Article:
The awareness problem became obvious when we realized that it doesn’t matter how cool your targeting system is, it has to be clear. It may seem obvious for developers or experienced iPad players, but when we gave it to the world – nobody seemed to understand what was going on. Fortunately, this was easily solved by adding hints to the main HUD. This was another thing that went right.

Quick UI prototypes

Early in the R&D pipeline, we used Axure RP to build high-fidelity prototypes that we could then play back on the iPad. This way we could experience different design concepts in situ and get a sense of how an interface feels for the end user before progressing it to development. This rapid prototyping quickly became a game changer.

Some of the prototypes were very rudimentary in detail - quickly made, and little more than interactive wireframes - but they answered important questions about layout design, and how we could take DOS:2 and fit it comfortably into tablet form. Other prototypes were a lot more detailed, trying to emulate the game and the player experience as closely as possible so we could make decisions accordingly. These might take a few days to build, often going through different iterations as we fine tuned the details, discovered new constraints and even advanced ideas beyond our initial concepts.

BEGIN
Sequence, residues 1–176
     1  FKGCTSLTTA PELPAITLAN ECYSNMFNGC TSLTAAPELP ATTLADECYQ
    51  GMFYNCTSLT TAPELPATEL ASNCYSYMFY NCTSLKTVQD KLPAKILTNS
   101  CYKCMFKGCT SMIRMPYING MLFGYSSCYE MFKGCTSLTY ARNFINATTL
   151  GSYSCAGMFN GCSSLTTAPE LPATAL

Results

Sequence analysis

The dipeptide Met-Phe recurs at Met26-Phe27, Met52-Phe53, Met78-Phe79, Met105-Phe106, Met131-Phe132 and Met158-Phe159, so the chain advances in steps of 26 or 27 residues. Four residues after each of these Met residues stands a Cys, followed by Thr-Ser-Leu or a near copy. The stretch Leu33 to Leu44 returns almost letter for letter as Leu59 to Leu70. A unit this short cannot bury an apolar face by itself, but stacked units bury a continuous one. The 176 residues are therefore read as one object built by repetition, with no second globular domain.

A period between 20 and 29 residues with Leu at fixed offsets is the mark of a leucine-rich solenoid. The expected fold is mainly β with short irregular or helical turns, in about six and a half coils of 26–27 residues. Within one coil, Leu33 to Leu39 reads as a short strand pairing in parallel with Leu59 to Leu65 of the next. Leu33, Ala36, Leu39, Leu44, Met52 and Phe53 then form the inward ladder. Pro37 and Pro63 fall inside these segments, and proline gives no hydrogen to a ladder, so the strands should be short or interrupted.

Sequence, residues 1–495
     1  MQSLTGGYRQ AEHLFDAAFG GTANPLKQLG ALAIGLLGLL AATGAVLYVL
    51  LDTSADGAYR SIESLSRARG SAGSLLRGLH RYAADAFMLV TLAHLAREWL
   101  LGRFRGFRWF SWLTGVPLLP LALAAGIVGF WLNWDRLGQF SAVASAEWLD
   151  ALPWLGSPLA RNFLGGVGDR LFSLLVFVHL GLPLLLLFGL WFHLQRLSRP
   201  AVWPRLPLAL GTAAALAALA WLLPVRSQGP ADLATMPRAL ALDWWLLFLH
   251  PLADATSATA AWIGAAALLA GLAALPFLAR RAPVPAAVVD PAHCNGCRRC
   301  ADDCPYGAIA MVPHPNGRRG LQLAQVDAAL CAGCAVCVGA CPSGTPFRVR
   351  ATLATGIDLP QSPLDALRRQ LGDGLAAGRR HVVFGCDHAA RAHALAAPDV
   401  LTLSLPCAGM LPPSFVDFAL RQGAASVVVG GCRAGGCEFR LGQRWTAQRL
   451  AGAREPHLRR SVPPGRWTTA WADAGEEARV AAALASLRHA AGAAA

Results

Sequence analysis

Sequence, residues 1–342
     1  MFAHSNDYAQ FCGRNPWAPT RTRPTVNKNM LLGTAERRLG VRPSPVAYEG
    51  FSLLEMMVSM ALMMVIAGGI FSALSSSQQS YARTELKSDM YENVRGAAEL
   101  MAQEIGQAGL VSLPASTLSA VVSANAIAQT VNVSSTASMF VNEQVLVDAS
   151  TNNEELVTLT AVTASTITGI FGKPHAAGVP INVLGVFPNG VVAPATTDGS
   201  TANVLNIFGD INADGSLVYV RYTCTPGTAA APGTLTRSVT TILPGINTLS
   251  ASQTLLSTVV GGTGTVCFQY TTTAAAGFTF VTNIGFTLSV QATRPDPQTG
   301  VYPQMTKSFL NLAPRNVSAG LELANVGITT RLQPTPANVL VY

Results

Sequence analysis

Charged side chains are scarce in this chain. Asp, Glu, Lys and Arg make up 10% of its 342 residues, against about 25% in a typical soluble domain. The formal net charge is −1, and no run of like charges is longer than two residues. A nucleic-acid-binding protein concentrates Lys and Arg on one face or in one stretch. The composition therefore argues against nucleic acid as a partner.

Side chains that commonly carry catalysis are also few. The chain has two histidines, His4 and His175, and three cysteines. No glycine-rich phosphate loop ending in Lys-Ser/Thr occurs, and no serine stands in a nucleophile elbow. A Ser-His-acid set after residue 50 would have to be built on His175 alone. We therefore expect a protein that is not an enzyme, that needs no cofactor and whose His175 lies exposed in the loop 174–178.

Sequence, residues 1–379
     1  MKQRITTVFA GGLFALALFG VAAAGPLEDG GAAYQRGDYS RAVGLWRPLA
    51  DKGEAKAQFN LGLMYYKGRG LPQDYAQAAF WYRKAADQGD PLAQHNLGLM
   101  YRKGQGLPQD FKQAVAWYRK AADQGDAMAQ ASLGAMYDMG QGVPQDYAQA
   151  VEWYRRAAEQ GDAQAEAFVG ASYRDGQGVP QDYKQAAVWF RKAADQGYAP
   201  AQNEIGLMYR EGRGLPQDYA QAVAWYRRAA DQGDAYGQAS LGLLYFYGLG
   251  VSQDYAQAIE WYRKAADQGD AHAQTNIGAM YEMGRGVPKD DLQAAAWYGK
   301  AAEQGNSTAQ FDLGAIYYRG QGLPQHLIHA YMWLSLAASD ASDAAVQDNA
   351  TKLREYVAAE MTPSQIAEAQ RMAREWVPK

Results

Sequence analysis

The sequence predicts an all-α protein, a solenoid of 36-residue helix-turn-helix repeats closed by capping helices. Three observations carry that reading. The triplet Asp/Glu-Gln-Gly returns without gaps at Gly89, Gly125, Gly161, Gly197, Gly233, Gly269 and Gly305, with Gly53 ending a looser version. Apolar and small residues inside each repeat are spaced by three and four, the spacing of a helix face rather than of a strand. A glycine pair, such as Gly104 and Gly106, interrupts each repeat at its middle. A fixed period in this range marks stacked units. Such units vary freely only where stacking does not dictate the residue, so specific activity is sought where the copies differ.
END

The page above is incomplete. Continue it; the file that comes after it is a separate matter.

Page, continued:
The final result of the prototypes is that we could create this proof-of-concept with user interaction and have it tried and tested during the design stage. This created a clear brief when it came to programming the interface, and apart from any technical restrictions it reduced the number of iterations and amendments in later stages of development.

A screenshot with shapes blocked out for character portraits on the left side of the screen, a minimap in the upper right corner, and a quick access bar along the bottom.

Delivering Fast Builds

Being spread across the globe, brings its own challenges, but thanks to our experience as a distributed team we were able to work on the game without missing a beat. We were working from different countries and timezones, so it was essential to get feedback as soon as possible. For this reason, we chose to use TestFlight. The ability for testers to provide screenshots, crashes and feedback was really invaluable. If we had to nitpick, we’d like the crash reporter to include a bit more information about the current game state when it crashes, but this was an essential, invaluable tool for us throughout the development of DOS2 on iOS.

Effective Optimization Decisions